The experience of translating

Seamus Heany once said that the best part about translating is that you get to finish something you didn’t have to start. It’s a strange feeling, though, finishing up something for someone else — and not only that, finishing something that is always necessarily secondary and supplemental to that work by someone else. It is supplemental in the full Derridean sense, insofar as a mistranslation can become a “dangerous supplement” whose incorrect rendering replaces and obliterates the author’s original meaning.

That’s not where my anxiety lies as a translator of Agamben, however. Agamben is not a “difficult” author to translate in the same way that, for instance, Laruelle is. His writing style is smooth and straightforward, and he very rarely places a lot of emphasis on the specific resources of the Italian language (in the way that Derrida could be said to push French to the limit, or Heidegger German). My anxiety is less dramatic — I worry I’m going to make some dumb, low-level error. Nothing that obscures or distorts Agamben’s meaning, just the kind of thing that makes me look like an idiot.

There are errors of that kind in my published translations. They’re not huge, but they bother me. The worst is when I simply transcribed the Italian word “due” instead of translating it as “two.” It’s surprising in a way that something like that doesn’t happen more. When I run a spellcheck over my translation work, I notice how my spelling has been strangely influenced by Italian, and more generally how the quality of my typing deteriorates when I’m doing the relatively mechanical work of translating rather than producing material in my own name. Most of that comes out in spellcheck or at the various stages of editing and revising (whether I’m pressing friends into service or responding to the press’s copy editor). I comfort myself that some Agamben translations have more such errors than mine, and I have yet to find a translation that has none.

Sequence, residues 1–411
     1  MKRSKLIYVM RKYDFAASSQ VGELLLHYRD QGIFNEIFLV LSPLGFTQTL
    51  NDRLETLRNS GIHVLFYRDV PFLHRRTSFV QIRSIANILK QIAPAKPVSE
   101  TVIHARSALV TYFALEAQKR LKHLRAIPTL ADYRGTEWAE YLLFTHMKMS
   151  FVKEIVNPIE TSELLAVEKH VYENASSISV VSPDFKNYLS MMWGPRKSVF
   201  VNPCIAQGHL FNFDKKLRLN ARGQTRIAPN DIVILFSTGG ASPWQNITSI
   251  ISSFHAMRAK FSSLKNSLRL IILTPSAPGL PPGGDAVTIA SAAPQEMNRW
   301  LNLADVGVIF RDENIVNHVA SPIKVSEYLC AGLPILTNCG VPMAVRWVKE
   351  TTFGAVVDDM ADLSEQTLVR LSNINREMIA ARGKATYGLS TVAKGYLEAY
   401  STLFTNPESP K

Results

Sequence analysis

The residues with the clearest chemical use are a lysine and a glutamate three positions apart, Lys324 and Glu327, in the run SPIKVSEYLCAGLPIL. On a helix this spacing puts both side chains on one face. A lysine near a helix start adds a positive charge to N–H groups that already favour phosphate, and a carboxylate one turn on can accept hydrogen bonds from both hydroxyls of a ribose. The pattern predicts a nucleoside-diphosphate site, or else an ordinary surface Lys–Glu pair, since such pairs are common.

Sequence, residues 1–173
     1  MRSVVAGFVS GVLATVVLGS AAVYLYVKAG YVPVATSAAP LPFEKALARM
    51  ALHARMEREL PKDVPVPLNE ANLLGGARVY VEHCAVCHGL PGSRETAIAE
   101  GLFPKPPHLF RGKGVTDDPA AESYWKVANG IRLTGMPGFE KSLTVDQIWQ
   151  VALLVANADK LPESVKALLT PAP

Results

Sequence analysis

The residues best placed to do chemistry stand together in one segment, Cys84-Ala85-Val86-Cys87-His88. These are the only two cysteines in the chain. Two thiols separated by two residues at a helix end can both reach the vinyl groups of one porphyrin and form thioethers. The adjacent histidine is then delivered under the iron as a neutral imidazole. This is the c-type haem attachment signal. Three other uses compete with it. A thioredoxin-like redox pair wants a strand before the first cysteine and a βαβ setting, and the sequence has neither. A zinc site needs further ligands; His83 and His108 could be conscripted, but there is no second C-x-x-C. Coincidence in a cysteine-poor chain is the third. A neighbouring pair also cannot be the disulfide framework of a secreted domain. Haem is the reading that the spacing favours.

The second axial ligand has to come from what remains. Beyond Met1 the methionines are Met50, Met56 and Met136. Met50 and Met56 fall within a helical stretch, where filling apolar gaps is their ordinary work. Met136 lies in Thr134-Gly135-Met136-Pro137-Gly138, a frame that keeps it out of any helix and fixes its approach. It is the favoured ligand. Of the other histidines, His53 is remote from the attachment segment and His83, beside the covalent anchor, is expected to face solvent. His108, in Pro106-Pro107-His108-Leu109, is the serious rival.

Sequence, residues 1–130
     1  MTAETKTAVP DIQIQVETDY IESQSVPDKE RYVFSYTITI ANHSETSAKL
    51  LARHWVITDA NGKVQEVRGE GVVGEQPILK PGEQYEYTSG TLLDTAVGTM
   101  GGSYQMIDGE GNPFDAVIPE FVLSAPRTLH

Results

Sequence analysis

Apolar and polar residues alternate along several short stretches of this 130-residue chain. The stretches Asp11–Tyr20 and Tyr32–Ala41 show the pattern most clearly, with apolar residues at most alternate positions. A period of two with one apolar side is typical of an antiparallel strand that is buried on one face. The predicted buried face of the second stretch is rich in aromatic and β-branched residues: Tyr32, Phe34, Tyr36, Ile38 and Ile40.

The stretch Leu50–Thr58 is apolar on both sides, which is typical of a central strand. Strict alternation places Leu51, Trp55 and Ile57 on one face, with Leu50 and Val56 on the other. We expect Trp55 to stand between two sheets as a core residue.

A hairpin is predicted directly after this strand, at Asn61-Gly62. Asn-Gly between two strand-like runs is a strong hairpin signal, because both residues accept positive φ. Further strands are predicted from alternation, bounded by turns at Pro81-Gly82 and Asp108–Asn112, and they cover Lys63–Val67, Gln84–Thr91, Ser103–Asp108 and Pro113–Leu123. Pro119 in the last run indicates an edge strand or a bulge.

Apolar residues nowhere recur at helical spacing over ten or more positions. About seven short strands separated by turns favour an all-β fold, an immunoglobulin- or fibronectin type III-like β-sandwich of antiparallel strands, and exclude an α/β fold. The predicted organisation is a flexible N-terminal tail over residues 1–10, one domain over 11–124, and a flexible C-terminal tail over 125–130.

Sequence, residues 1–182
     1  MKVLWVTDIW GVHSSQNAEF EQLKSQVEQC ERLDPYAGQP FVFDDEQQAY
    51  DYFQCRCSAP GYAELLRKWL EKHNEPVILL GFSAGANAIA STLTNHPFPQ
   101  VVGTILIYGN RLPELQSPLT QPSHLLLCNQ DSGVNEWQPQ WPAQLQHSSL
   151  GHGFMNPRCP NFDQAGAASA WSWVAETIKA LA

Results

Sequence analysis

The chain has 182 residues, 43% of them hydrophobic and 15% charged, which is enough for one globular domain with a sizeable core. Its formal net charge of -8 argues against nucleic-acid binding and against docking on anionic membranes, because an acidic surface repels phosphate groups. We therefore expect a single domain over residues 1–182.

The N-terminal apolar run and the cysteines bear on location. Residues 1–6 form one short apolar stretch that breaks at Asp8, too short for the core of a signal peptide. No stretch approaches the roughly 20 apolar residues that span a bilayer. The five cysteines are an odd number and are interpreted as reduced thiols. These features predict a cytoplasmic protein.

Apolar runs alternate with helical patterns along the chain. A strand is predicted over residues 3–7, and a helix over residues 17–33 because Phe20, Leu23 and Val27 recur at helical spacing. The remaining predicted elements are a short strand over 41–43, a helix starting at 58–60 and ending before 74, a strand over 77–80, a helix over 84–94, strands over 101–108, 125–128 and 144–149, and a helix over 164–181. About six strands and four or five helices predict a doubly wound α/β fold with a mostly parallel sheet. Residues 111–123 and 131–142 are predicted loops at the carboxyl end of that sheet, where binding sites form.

The worst part with Agamben isn’t the translation as such, but the vast apparatus of citations. For every source he cites, I must determine whether an English translation is extant. If so, the press requires that I base my quotations on that translation, though I must often “triangulate” between the English, the original text, and Agamben’s provided translations. Sometimes I must supply formal citations where the text lacks them (above all in classical references), and just for the sake of thoroughness, I have also taken up the habit of supplying macrons and breathings in Greek citations where the text lacks them. Agamben also loves to cite untranslated Latin, sometimes a paragraph at a time, and I must often provide my own translation in a concession to the monolingualism of the other.

Tracking down these sources is extremely time-consuming and often frustrating. The method I’ve developed is to put quotes in boldface in my draft. If it’s a long quote from a text I know to be translated, I’ll often simply put “quote” at that point in the text. If it’s a short quote, I’ll usually do a rough rendering of Agamben’s Italian just for my own convenience in tracking it down later. Then I go back after I have a full draft and fill in the quotations. Every time I do a translation I consider whether there’s any way around leaving them for the end, and I’ve decided it’s unfortunately the only way to go — tracking down quotations and translating are two fundamentally different tasks, and switching back and forth hurts the quality of both.

Better to stay “in the zone” of translating, I say, so as to get a full draft as quickly as possible. And sometimes I can really, really be “in the zone.” Those days can be satisfying, albeit in the weird way that intensive data entry is satisfying. I feel like I’ve accomplished a feat, but I weirdly don’t have anything to show for it. This is not to say that I don’t benefit from doing these translations. I get paid, and I also get the credibility of an “expert” on Agamben (or on certain texts of his), with the invitations to speak and write that go along with that. But at the end of the day, the person who really has “something to show” for my work is Agamben, who is after all the author of the text.